Chapter 5 Setting up

Chapter 5 Setting up

 

Social enterprises fundamentally centre on the right people with the right idea, committed to making sustainable change. It is worth spending a bit of time thinking on yourself as a founder, your cofounders, your community and others.

 

Your organisation may be initially made up by people that you know who are also affected by the challenges you are trying to help solve. You may also hope to employ people who are socially excluded or marginalised and who may be employed in your social enterprise.

 

It is important to make sure that the organisation is governed and that people know their roles.

 

5.1    Governance

When an organisation is formed, it has to have direction and be well managed. This is usually a group of people who meet on a regular basis and who think on issues such as:

 

  • What is the purpose of the organisation?
  • Are we able to deliver our vision and mission?
  • How will we structure the work-plan?
  • How will we develop the strategy for the organisation
  • What policies and procedures do we need in place to make sure we are compliant and best practice?
  • How will we organise ourselves to accomplish that goal
  • Finance and fundraising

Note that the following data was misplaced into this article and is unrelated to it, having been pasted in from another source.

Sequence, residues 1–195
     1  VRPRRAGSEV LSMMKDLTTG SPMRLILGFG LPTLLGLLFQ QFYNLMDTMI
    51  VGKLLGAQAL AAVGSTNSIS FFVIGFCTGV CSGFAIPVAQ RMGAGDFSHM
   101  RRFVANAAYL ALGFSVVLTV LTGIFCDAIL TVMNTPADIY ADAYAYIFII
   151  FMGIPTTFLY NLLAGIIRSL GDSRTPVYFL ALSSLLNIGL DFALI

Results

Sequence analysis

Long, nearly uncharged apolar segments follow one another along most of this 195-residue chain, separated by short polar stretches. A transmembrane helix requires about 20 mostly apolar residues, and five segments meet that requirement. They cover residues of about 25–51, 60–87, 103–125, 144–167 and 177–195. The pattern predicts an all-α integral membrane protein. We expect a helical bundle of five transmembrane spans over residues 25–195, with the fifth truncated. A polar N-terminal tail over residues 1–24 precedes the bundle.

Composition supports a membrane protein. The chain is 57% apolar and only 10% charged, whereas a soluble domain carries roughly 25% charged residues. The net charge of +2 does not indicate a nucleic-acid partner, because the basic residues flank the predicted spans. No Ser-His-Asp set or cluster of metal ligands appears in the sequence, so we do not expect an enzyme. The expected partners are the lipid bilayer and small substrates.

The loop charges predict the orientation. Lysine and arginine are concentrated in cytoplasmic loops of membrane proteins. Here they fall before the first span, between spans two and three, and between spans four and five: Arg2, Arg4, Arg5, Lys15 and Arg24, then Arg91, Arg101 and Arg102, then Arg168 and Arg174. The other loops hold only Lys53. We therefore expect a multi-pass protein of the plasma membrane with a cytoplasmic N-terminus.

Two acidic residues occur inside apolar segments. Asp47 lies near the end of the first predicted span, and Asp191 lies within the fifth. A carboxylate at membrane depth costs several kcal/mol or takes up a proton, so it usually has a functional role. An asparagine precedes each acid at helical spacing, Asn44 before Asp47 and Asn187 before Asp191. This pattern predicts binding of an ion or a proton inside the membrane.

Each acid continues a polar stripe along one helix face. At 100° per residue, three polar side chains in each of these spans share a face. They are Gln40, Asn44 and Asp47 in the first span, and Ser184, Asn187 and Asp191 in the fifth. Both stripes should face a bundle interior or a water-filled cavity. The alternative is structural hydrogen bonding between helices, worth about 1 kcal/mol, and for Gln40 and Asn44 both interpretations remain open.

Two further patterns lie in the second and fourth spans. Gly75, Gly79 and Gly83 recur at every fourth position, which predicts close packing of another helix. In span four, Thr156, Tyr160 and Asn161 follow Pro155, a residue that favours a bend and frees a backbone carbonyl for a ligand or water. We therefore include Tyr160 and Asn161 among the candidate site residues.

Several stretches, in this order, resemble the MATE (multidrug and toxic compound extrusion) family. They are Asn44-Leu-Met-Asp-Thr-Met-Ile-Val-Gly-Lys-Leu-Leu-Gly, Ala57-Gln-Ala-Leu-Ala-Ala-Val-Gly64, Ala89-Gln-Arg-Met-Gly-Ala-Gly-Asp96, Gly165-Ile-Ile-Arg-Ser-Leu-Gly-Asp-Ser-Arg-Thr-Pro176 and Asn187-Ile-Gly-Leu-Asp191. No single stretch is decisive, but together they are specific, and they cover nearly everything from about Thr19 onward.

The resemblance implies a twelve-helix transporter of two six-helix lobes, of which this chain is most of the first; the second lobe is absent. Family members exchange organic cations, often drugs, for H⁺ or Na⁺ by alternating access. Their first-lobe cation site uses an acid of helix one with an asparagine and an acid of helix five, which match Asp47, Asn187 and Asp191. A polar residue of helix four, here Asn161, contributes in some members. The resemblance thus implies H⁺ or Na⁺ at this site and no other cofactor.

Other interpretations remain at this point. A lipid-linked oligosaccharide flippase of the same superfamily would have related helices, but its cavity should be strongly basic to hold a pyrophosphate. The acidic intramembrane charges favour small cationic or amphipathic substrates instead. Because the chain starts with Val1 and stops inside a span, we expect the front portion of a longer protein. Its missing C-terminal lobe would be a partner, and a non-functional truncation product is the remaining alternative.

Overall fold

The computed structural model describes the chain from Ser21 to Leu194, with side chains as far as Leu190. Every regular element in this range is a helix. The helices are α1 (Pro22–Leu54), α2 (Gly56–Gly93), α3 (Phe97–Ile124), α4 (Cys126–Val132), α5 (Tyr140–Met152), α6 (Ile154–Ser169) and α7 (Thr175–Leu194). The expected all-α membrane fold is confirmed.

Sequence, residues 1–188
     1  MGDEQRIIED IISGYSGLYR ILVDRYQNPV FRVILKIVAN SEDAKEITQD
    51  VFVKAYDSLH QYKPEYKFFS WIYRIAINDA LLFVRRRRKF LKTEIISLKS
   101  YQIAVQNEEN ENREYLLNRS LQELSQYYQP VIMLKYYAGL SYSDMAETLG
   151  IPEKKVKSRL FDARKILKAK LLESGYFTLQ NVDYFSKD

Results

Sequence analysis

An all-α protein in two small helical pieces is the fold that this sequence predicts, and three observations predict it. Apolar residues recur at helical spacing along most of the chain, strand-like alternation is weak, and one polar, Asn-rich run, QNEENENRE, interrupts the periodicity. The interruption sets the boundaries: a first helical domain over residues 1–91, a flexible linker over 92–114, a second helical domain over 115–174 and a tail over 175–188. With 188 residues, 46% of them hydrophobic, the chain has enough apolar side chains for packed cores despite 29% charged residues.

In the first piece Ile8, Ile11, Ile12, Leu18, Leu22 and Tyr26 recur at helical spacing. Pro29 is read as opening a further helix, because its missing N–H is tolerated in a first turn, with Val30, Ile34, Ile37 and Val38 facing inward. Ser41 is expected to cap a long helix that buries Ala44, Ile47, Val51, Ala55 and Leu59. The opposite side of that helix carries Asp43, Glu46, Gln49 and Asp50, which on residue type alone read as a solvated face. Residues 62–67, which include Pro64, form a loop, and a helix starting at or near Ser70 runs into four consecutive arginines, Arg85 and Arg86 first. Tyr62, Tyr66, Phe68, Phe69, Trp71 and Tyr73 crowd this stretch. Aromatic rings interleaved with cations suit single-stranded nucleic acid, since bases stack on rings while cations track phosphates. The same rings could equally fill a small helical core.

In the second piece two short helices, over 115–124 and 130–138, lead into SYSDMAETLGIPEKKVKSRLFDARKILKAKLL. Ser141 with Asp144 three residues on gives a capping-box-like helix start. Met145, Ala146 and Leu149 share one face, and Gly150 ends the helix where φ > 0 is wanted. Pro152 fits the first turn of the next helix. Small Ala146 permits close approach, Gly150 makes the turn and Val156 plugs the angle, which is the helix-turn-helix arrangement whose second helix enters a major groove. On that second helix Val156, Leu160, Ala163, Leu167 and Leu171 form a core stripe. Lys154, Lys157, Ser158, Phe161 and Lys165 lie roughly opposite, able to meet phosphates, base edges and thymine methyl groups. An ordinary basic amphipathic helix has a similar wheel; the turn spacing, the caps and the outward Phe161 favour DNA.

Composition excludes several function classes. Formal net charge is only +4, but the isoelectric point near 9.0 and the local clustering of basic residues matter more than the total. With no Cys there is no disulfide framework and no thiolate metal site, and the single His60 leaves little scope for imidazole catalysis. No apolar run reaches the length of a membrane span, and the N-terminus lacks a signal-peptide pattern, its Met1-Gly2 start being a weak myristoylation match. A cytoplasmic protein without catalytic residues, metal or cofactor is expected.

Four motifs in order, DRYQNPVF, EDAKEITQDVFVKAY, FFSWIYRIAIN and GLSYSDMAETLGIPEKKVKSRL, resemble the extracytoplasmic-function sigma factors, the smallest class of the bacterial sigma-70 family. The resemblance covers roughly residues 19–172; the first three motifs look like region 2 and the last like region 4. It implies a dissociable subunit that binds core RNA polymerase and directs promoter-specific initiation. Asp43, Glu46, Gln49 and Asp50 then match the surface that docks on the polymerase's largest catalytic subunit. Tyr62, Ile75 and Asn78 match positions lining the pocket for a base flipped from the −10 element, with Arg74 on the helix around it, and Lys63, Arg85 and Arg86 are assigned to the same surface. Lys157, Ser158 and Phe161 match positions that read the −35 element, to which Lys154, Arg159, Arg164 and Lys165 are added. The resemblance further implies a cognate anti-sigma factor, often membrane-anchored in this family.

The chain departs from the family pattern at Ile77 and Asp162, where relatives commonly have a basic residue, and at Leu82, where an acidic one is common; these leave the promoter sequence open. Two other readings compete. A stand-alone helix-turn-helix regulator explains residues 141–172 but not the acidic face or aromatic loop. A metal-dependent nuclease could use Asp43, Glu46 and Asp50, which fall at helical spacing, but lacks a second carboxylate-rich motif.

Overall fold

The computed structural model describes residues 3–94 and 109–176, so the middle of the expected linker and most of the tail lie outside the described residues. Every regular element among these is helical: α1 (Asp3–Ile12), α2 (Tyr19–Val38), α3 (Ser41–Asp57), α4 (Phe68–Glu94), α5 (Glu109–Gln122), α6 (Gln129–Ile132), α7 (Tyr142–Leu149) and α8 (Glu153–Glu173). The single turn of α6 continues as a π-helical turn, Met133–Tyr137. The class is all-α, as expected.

• HR/ People/ Stakeholders, who need to be involved?
  • Whether it should be carrying out different activities
  • Challenges, threat and opportunities facing the organisation

 

Generally there will be a board of management who will be made up of directors responsible for some of the issues outlined above.It is the Board’s responsibility to ensure the smooth running of the organisation and that they have control of what is going on.

 

5.1.1 Directors

 

Company directors are the legal guardians of any company registered in Ireland. They are the people who are responsible for the running of the company. They are responsible for the accounts and for filing their information with the Companies Registration Office and Revenue, holding meetings such as the AGM and conducting business with members.

 

It is important to note that under the law, directors don’t need to be signatories be responsible for the actions of the company. If you are giving advice that is followed by the company and you are in a position of influence, you can be considered a director too. It is predominantly the Directors who make up the board and are responsible for the sustainability of that organisation and its mission.

 

Check out the guides from the Office of the Director of Corporate Enforcement  for further information and help with corporate governance. http://www.odce.ie/Portals/0/Directors%20-%20Lo%20Res.pdf

 

5.2    Constitution